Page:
accident renders a readjustment necessary.
The lad in Fig. 460 has one shoe on, and is in the act of slipping his foot
into the thongs of the second shoe. It will be seen that be takes a pose like an
old-fashioned dancing master, with his toes turned out; this is done so that he
can slip his toes over the first side of the heel loop and tinder the second
side, as is better explained by the empty moccasin (d, Fig. 460).
Next he thrusts his foot so far that his heel comes under the heel loop (b,
Fig. 461). Then, lifting his heel and pointing his toes down (d, Fig. 462), he
twists his foot so that the toe of his moccasin slips under the tussle-logan and
the shoe is adjusted and ready to support him on drifts and fields of snow.
Three figures and three diagrams have been made of this act so that the
reader may not fail to understand how it is done, but because so many pictures
are necessary to make the explanation clear it must not be supposed that this
manner of putting on a snowshoe is either difficult or intricate; it is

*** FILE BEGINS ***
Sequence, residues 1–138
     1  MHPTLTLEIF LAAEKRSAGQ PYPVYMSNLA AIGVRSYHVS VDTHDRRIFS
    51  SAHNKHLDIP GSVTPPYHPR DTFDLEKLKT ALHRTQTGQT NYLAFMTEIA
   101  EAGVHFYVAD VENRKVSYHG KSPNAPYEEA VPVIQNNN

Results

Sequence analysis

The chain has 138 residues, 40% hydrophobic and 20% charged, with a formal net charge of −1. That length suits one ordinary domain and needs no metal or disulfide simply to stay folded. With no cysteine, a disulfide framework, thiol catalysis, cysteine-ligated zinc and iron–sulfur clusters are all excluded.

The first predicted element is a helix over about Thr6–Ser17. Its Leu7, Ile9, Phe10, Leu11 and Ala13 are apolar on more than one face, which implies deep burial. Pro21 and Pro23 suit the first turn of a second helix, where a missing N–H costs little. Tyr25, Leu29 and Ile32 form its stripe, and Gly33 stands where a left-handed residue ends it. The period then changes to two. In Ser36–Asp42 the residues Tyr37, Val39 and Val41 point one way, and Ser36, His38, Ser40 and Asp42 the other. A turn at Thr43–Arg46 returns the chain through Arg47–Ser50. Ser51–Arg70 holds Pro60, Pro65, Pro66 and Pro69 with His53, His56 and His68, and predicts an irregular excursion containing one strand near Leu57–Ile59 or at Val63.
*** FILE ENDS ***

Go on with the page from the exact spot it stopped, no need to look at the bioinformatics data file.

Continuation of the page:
accomplished in much less time than it requires to tell how it is done, and is
really only one continuous movement of the foot like one step in dancing.
Now that you know how to put on snowshoes, take them down from the wall where
you hung them as a decoration for the library, dining-room or den and sally
forth, but do not put them on in the house as did the writer in his first
attempt to master the art. There is no enacted law to prevent you from adjusting
the shoes indoors, but it is better to do it outside, where there is more room
and no steps to descend.
The writer forgot about the steps; his only idea was to sneak out the back
way unobserved, but he did not succeed, and in going down the steps the long
heels of the snowshoes made it necessary to step sideways. After the first step
it was impossible for him to take another; he could not lift his foot mom than
an inch, and in spite of a struggle which nearly wrenched the thongs from the
feet he stood as securely to the step as if his shoes were nailed down, and it
really seemed that they had frozen to the snow. The long heel of the one bearing
his weight lay across the heel of the one he was struggling to lift.